Over the past year, international migration to the U.S. has become a major controversy in political discourse and — correspondingly — the news cycle. Sometimes lost in all the heated discussion is a simple truth: That international migration to the U.S. is by no means homogenous. Migrants from all over the world with varying career interests search for work in different areas of the US — and therefore impact US metro areas in disparate ways.
If policymakers and employers are to truly understand how migration can impact the labor market then it’s vital for them to grasp how a potential international labor pool can vary significantly from metro area to metro area. Indeed’s job search data can help illuminate some of these patterns in an international job search to the U.S., and also answer some specific questions, such as: Where exactly are these migrants coming from? Where are they most interested in working? And what type of work are they searching for in these different and diverse locations?
To answer these questions, we analyzed job searches that originated from Indeed sites in 52 countries across the globe and were directed to the 50 most populated metro areas in the United States between August 2016 through January 2017. Additionally, we also looked at the job search queries themselves to see what exactly these international job seekers are looking for in a particular metro area that they are not searching for as often elsewhere. Let’s take a look at what we found.
Mexico Dominates Search to San Diego, While Venezuela Leads for Miami
With Indeed’s job search data, we are able to determine which potential labor market flows are the strongest. Below is a list of the country-to-metro search pairs with the highest share of a country’s international job search destined to a particular metro area.
At the top of the list is the Mexico-to-San Diego job search flow, in which San Diego accounts for nearly 15% of Mexico’s job search to the U.S.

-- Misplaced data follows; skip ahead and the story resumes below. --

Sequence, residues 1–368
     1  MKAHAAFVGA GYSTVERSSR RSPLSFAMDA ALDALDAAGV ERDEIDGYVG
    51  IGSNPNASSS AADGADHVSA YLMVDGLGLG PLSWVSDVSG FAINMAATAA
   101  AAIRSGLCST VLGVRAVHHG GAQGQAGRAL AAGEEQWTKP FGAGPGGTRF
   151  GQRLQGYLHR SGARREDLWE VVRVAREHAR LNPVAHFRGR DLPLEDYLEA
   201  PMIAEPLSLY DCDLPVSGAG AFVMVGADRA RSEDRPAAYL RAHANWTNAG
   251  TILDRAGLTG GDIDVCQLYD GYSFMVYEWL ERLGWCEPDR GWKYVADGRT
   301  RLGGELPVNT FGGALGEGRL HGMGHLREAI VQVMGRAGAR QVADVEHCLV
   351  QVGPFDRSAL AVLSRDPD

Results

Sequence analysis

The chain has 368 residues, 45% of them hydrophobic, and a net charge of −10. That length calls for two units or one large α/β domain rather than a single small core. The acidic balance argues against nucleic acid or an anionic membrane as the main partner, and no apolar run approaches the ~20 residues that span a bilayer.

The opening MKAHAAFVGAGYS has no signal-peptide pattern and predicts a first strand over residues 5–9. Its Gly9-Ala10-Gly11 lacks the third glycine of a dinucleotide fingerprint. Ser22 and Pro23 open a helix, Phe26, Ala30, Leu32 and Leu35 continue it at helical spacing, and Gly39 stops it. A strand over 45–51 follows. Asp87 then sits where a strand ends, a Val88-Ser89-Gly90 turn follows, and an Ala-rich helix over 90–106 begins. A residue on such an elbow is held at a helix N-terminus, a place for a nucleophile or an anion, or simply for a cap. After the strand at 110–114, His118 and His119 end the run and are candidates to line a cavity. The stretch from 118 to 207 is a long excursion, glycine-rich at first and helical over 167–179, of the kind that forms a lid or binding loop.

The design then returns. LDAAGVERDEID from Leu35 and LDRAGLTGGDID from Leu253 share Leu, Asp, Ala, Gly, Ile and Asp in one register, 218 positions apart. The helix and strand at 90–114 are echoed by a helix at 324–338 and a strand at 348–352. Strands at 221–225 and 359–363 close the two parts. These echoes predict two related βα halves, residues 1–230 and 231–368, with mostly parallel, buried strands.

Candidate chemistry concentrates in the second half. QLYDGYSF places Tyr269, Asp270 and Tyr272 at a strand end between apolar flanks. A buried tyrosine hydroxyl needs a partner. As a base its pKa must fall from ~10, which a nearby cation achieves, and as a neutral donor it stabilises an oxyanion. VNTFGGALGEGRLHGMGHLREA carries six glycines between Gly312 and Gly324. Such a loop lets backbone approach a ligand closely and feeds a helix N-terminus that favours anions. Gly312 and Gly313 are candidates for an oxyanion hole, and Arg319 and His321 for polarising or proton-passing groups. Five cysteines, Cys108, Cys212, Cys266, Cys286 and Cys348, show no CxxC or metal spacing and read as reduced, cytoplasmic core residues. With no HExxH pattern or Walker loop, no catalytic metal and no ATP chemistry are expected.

Outside of San Diego however, the list is dominated by Miami and New York. These are two metro areas which have strong ties to several markets, but for rather different reasons. While Miami has very strong ties to several Latin American markets (see below for more details), New York has a much broader appeal, attracting a high amount of interest from markets all over the world.
In fact, as would be expected due to its sheer size, New York is the biggest overall draw for US-bound international job seekers as measured by raw volume. When considering our measure outlined above, for five countries New York accounts for at least 5% U.S.-bound job search — a feat replicated by no other US metro area.
Top Ten U.S. Metros for International Job Search
This data also gives us the ability to determine which countries are most interested in each U.S. metro area. The table below shows the ten metro areas that are most popular with international job seekers, in that they received the greatest raw volume of searches from abroad during the analysis time period. For each metro area, we rank countries by the share of their total U.S.-bound job search destined for that metro area.
Of all countries searching in New York, Israel is the market sending the highest share of its overall U.S.-bound job search — about 6.4% overall — to the Big Apple. After Israeli job seekers, those from France and Colombia are the ones most interested in working in New York.
One result that may seem counterintuitive is that Mexico is at the top of the list for San Diego but does not appear in the top five at all for Los Angeles, where the population of Mexican- origin accounts for approximately 35% of the total population¹.
Keep in mind that this measure of job search traffic shows the level of interest a country is sending to a metro area, relative only to that country’s search to the U.S. What we find is that job seekers from Mexico are much more interested in San Diego, which accounts for nearly 15% of Mexico-to-U.S. job search, than they are in Los Angeles, which accounts for only about 2.5% of the same figure.
This could be attributable to proximity, as San Diego is closer to Mexico than Los Angeles, or the possibility that Mexican job seekers are much more attracted to the types of jobs available in San Diego than they are to those in Los Angeles.
Irish Job Seekers Still Focused on Boston, Demonstrating Strength of Historical Ties
From the table above we can see that historical migration trends and geographical factors help determine where international job seekers look for work. International job seekers search patterns tend to have strong ties to metro areas where members of their native country have already established roots, otherwise known as ‘chain migration’.